Feargus O'Sullivan is a contributing writer to CityLab, covering Europe. His writing focuses on housing, gentrification and social change, infrastructure, urban policy, and national cultures. He has previously contributed to The Guardian, The Times, The Financial Times, and Next City, among other publications.
Tramlines! Bike paths! Trees! The plans could turn an area of shabby charisma into one of real, walkable charm.
Struggling Athens is perhaps the last place you’d expect to attempt a large-scale urban renaissance. Portrayed worldwide as the ultimate recession basket case, the city is capital of a country where money is hard to find for basic services, let alone for infrastructure projects and new cultural complexes.
It’s something of a surprise then to discover that Athens is planning a major cultural and aesthetic overhaul. Coming up next spring is a new Museum of Contemporary Art, housed in a gutted and revamped city center brewery, while a museum of underwater antiquities is also planned, part of a broader project in the Athens harbor district of Piraeus called the Cultural Coast. Located in the shell of a former silo, the museum is designed to encourage visitors catching ferries to the islands to stay a little longer, and to bring strollers and diners back to the city’s busy wharves.
These ideas look modest, however, placed next to Rethink Athens, a scheme to reshape a great swath of the city’s center. With the winning entrant to its competition announced last month, Rethink Athens is set to replace downtown cars and asphalt with tramlines, cycle paths, trees and water. Covering an area that’s filled with attractive buildings without quite managing consistent beauty, the plans could turn an area of shabby charisma into one of real, walkable charm.
It will turn three major squares – one of them currently run-down and sketchy – into green islands linked by a long, largely pedestrian boulevard. Many trees will reduce the heat island effect of a district that blazes in summer, fed partly by storm water retention tanks. Road vehicles will be re-routed to discourage cross-town traffic, with travellers redirected onto a new tramline (and possible future metro extensions) that will make it easier for suburbanites to reach downtown.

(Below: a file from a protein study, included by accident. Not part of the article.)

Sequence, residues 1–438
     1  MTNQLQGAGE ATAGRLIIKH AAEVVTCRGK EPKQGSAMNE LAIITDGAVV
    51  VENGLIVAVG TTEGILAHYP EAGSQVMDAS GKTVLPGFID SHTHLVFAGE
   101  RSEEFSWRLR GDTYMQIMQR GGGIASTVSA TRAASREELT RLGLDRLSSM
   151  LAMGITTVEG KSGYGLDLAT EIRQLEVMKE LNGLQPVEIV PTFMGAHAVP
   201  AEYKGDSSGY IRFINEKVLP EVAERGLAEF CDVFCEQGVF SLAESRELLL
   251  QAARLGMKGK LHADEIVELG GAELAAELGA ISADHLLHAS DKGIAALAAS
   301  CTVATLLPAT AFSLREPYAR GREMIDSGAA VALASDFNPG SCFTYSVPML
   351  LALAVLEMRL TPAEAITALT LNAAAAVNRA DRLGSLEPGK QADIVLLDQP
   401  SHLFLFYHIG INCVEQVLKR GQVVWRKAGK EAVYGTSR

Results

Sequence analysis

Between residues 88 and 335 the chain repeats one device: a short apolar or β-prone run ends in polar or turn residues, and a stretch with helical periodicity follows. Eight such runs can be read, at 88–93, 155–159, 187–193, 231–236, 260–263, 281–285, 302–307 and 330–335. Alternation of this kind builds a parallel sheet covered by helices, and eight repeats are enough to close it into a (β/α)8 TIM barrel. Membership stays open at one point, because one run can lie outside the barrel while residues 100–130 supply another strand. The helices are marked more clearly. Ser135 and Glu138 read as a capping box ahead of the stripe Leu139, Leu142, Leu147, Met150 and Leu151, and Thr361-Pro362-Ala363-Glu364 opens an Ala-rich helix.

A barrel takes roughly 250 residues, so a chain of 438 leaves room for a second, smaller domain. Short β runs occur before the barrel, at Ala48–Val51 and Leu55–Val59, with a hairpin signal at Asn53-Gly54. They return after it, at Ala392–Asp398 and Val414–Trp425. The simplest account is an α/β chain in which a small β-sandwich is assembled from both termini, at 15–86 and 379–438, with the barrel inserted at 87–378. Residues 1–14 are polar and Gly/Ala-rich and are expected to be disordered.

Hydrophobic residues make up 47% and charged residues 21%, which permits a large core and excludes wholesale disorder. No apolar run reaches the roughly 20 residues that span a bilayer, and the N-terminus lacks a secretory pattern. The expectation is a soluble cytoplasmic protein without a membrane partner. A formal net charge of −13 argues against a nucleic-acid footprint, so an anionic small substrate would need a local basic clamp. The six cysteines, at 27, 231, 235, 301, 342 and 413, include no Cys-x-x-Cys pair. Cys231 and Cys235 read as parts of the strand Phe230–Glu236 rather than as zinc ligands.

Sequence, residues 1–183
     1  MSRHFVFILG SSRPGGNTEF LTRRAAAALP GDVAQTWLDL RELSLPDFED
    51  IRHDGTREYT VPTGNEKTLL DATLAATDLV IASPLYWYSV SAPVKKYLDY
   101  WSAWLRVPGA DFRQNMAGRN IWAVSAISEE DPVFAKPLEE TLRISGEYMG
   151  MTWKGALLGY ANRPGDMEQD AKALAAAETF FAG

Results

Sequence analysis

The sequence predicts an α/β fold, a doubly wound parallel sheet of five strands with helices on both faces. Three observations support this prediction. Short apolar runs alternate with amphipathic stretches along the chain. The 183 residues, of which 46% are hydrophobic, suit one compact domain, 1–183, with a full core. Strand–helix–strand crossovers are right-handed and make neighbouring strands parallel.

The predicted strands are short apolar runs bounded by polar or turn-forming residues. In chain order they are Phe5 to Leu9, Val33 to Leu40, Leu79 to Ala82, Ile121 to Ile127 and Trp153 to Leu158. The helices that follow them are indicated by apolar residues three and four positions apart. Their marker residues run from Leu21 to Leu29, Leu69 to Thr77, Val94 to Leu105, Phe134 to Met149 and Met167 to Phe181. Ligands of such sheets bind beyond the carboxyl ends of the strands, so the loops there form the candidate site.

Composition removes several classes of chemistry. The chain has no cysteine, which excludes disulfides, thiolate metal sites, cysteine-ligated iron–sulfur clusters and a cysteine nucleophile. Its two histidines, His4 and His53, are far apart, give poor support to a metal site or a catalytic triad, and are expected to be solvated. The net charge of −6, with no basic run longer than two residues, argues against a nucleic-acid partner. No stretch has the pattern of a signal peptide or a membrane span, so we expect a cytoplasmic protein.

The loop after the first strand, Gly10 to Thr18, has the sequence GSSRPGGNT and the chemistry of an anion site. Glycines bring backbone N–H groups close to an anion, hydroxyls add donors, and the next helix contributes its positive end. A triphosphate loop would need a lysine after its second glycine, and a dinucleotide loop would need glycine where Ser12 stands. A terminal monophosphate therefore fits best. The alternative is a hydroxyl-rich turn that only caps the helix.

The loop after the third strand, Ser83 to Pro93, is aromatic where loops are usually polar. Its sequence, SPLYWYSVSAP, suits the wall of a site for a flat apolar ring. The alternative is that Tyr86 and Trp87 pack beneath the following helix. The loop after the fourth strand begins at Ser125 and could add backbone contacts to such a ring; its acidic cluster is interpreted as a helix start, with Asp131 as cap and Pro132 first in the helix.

Image by Okra: One Step Beyond
The scheme may also shift central Athens’ social balance, encouraging residents back to the rundown urban core but also softening one of central Athens’ main quirks – that its priciest district is located right next to a working class neighborhood celebrated as an anarchist stronghold. While each of these neighborhoods currently has its metaphorical back to the other, the scheme will provide a new spacious, neutral living room where residents from both areas will mingle.
Up to this point, the plan is a rare bright spot in bleak times. Whether or not it’s what Athens currently needs most is another question. This is Greece, where youth unemployment has reached 60 percent, where unions fear the state may run out of cash to pay salaries by the summer and where 11 percent live in conditions of "extreme material deprivation" – the term the EU employs to describe near total destitution.
Image by Okra: One Step Beyond
Regenerating Athens might well help to moderate these grim statistics, but it might also just paper thinly over deep cracks. Currently, poorer Athenians live or congregate in one area covered by the scheme, a square that many currently avoid for its bad reputation. Making people feel safer here would be an improvement, but there is a risk that its current marginal occupants will end up being tidied away elsewhere, their problems unchanged.
Despite these potential pitfalls, Athenians’ reactions to the project seem to be generally approving, if skeptical. Any investment that helps revive Athens’ economy is good news, especially when the money doesn’t directly tax the empty national purse. Rethink Athens’ plans are carefully tailored to be eligible for EU regeneration money, which has helped revamp many cities across the union (and far from solely in its poorer member states). While EU-enforced – and as yet fruitless – austerity programs may currently be beggaring Greece as a whole, there is still some European development cash left in the kitty. That this situation is perverse is something people are keenly aware of, but right now Athens needs a future, and these plans might just be a part of it.